• What to do next: Evaluate how aligned your current supply chain is to take advantage of the available credits and funding. This includes understanding whether domestic source requirements apply.

Industry implications

Industrial products

The Act includes $6 billion in funding for chemical and building material suppliers innovating in key carbon-intensive construction materials such as iron, steel, concrete, glass, pulp, paper, ceramics and chemical production. Breakthroughs in these areas are necessary as part of the global quest to limit climate change to 1.5°C by 2050, and companies that drive breakthrough innovations stand to potentially reap substantial opportunities. Funding available to grow and support greener engineering and construction includes $4 billion for lower-carbon materials used in transportation projects and building construction projects. The IRA also includes better standards and labeling for product declarations and carbon impact.


The Act injects funding to support growth of EVs, while encouraging expanded production and sourcing in North America. Provisions include up to $20 billion to build new manufacturing, $2 billion to retool existing facilities and tax credits for consumers. But it comes with assembly and battery sourcing stipulations that might make it difficult for some automakers to initially qualify for credits. Those that can shift their focus and supply chain rapidly enough stand to benefit the most.

Energy, utilities and resources

Companies are thinking about how they can effectively use the credits and incentives to offset investments they’re making to achieve net zero or other decarbonization efforts. This includes funding renewable projects like wind and solar, investing in more carbon capture and carbon sequestration technologies and exploring the adoption of new, clean energy sources, such as hydrogen. The Act includes tax breaks for mining companies that produce critical minerals central to the energy transition like lithium and nickel. The ripple effect may be far-reaching, spurring cumulative capital investments in the energy and mineral supply infrastructure for the next decade.

Consumer markets

The broader incentivization of lower-carbon energy sources should, in time, reduce Scope 2 emissions for hospitality, retail, distribution centers and office buildings. Meanwhile, the extension of production and investment tax credits support more direct investments in renewable energy, storage projects and energy efficiency. EV and low-carbon fuel credits offer direct incentives for transportation and logistics companies, as well as large corporate fleet owners, while supporting the Scope 3 emission reduction efforts of retailers that contract out shipping to third parties. Sustainable aviation provisions intend to help airlines and logistics firms address hard-to-abate aviation emissions. Finally, “climate-smart” agricultural programs could benefit not only farmers, but also retailers, including supermarkets, that are reliant on US crops.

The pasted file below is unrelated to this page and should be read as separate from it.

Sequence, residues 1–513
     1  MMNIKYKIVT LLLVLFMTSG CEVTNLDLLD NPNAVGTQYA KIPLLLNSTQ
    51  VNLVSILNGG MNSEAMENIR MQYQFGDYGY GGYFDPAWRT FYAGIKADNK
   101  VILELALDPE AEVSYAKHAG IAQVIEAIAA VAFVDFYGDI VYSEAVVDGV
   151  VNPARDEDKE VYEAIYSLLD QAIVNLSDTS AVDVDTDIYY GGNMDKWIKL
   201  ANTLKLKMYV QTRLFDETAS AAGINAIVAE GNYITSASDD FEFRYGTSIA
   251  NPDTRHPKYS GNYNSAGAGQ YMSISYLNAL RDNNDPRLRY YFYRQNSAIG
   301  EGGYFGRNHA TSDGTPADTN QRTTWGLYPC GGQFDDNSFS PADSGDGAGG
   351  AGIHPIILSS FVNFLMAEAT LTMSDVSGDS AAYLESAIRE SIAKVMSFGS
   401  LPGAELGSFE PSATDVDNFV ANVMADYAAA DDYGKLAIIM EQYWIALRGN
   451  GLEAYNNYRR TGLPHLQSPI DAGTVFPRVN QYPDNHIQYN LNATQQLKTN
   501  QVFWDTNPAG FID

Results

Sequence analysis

Private equity

Certain revenue-raising provisions may have an impact on both private equity firms and their portfolio companies. For example, the 1% excise tax on the value of certain net stock repurchases by publicly traded corporations could affect certain M&A strategies that may not seem obvious at first glance. Also, depending on the portfolio company’s structure, they may need to adjust for the 15% book-income alternative minimum tax (AMT) on corporations with financial accounting profits over $1 billion. We recommend examining corporate structures and exit strategies for changes that will occur as a result of the Act.

Technology, media and telecommunications

For TMT companies, the Inflation Reduction Act will continue to keep the industry in a strong position to drive growth and enable their customers’ decarbonization transformation. Companies should look for product-market fit opportunities to enhance the features and the marketing of their offerings to gain competitive long-term positioning. Further, for software companies in particular, there will be substantial growth for cloud, analytics and artificial intelligence as companies work to develop decarbonization solutions and low-carbon products.

Contact us

Ron Kinghorn

Ron Kinghorn

Consulting Solutions Sustainability Leader, PwC US

Reid Morrison

Reid Morrison

Global Energy Advisory Leader, PwC US

David Linich

David Linich

Principal, PwC US

Youssef Mestari

Youssef Mestari

Managing Director, PwC US